Dear Toronto Sun Editor………

……Brennan Guigue comments.

Sunday, July 9, 2017

The Khadr settlement has nothing to do with Omar Khadr……it has to do with Canada’s complicity in the torture of a human being.

Ottawa is apologizing for its lack of adherence to the values Canadians profess to hold dear.

Get off this trip about the soldiers who died by his actions. When U.S. Marines went into that house, they went in with guns blazing. Khadr’s throwing of the grenade was simply the knee- jerk reaction of a scared 15 year-old kid.

Why isn’t it okay to argue that kids of his age are not capable of making rational adult decisions as their brains have still more development to undergo?

He’s an adult now because he was held in an adult prison – which was infinitely worse than the public was led to believe – and subjected to devastating mental, emotional, AND (yes) physical torture – for several years of his childhood.

Is it so hard to believe that a smart, manipulative, scheming adult couldn’t have indoctrinated a young, impressionable teenager into believing he was involved in something honourable or righteous?


Okay…..then if a 25, 26, or even 30 year-old has sex with a 16 year-old girl because……she wanted to, why do we condemn the man involved as a predator, or rapist?

Double standard……?

After all, EVERY single person in uniform going into a HOT ZONE EXPECTS TO BE IN THE LINE OF FIRE!

They, as adults, enter into that risk freely and willingly, knowing their enemy is NOT going to be throwing tulips at them.


I am not trying to diminish the sympathies felt for the family and friends of the deceased soldier….they are no doubt suffering for their loss.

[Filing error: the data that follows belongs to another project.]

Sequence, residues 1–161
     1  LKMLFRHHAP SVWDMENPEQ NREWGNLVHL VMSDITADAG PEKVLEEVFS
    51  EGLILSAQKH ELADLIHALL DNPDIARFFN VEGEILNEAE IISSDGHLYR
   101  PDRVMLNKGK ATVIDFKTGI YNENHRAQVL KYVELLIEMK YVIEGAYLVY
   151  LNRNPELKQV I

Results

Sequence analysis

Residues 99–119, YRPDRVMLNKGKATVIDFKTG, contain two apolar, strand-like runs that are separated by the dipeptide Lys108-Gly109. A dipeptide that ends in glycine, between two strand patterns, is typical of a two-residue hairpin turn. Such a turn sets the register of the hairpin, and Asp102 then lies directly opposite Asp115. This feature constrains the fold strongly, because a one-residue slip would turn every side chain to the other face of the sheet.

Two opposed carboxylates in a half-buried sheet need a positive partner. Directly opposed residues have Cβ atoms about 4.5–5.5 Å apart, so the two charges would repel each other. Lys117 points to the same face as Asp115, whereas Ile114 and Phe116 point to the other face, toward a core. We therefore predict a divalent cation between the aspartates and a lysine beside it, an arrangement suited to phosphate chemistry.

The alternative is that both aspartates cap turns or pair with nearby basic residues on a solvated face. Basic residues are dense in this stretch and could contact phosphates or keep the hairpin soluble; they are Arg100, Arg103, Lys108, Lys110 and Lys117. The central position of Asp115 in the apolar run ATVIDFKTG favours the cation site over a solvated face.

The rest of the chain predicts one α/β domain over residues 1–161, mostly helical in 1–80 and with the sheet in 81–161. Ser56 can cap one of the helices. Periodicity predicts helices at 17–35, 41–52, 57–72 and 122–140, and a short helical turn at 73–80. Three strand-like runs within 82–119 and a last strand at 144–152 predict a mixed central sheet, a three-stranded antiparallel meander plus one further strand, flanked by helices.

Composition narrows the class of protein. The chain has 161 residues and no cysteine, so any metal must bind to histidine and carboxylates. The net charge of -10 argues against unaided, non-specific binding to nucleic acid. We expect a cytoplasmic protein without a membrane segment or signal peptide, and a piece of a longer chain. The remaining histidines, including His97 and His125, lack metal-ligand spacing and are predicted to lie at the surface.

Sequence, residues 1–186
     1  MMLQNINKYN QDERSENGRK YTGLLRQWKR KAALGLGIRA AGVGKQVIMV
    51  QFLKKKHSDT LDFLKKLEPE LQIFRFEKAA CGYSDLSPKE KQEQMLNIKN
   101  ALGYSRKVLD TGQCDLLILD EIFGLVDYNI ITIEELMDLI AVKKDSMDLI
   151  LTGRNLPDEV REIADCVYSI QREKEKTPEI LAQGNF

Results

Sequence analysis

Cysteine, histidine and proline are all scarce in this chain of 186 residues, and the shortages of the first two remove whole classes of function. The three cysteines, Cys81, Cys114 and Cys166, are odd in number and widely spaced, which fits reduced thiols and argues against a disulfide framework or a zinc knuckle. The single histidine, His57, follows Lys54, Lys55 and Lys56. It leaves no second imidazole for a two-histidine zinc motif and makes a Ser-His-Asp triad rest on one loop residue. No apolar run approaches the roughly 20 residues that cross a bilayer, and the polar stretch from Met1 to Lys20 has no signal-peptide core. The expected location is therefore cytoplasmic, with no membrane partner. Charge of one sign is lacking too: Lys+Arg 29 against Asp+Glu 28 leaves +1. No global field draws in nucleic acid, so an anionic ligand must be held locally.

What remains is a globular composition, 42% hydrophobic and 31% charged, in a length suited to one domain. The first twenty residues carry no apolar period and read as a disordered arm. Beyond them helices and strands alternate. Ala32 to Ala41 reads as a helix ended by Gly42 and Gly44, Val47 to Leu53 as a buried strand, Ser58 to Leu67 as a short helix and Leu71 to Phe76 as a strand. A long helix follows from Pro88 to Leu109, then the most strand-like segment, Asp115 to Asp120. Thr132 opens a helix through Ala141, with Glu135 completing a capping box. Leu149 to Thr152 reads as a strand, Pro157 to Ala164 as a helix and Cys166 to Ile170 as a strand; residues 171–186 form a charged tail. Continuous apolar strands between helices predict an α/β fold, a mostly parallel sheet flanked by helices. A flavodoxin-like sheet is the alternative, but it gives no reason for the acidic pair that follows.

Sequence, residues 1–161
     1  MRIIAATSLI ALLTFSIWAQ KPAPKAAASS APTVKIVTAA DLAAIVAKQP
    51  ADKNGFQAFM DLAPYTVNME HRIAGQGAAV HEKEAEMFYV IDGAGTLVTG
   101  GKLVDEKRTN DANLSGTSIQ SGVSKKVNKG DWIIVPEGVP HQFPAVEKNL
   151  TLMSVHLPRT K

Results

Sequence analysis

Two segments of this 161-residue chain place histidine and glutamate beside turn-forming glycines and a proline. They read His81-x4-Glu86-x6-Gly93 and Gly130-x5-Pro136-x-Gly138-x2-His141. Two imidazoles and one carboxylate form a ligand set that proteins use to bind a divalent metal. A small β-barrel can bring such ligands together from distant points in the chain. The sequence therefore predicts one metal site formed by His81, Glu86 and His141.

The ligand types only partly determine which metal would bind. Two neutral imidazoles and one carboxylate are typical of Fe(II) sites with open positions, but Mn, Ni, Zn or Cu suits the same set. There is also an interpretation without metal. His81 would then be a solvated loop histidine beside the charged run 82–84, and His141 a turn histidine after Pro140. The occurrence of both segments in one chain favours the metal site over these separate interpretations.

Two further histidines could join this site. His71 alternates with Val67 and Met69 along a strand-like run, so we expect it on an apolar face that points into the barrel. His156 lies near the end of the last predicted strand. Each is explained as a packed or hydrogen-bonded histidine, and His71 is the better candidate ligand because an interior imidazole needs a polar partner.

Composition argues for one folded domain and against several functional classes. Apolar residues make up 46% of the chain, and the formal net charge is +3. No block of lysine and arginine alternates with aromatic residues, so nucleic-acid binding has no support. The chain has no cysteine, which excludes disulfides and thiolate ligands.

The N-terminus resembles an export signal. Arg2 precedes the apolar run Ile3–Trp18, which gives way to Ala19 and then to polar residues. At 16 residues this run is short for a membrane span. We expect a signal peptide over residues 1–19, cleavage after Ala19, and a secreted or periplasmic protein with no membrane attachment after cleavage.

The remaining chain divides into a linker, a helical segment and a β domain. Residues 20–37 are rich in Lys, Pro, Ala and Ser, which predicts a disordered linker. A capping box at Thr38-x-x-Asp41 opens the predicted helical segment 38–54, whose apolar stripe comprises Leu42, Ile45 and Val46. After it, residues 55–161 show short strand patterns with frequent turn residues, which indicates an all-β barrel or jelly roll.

I just think everyone should keep things in perspective.


The lack of financial support for our physically and mentally wounded veterans should not be placed at the feet of Omar Khadr….that problem existed long before he came along.

Once again though, here’s the Toronto Sun, Liberal-hating RAG of a newspaper, distracting people from serious issues.

Enough already!

Oh, by the way……

I have been meaning to ask you, Mr. Editor, why aren’t you advocating for a national day of mourning for all the wrongfully convicted, or all those who’ve been murdered by police?

Hey….I don’t anticipate a worthwhile response……., just curious.

Now, here’s an idea…….

….let’s lighten the load in Ontario’s courts.

The Toronto Police Accountability Coalition received a small grant which it used for research on pre-charge screening, a practice where Crown prosecutors vet charges police wish to lay. British Columbia, Quebec, and New Brunswick were the models studied, and we’re quoting the results of the research from the TPAC Bulletin No. 104, June 12, 2017.

“The courts in pre-charge provinces have considerably lower caseloads, and average of 22 per cent lower than the other provinces. If Ontario used the pre-charge system established in Quebec, the case load in Ontario would have been 70,500 rather than 93,700. (Note: No time period specified by TPAC)

Multi-charge cases – often a sign of over-charging – are much less frequent in pre-charge provinces. Ontario has 1.5 times as many multi-charge cases per capita as Quebec.

In pre-charge provinces many fewer cases are either stayed or withdrawn. The number stayed or withdrawn in Quebec is 9 per cent; in Ontario, 46 per cent.

Pre-charge screening leads to better use of precious court time, as well as the time and energy of those in the criminal justice system, and protects members of the public from charges deemed no supportable by the court.”

More information is available from, referencing bulletin No. 104.

Bulletin: Pre-screening is not a new idea in Ontario……and TPAC is not the first to suggest the province could benefit from it.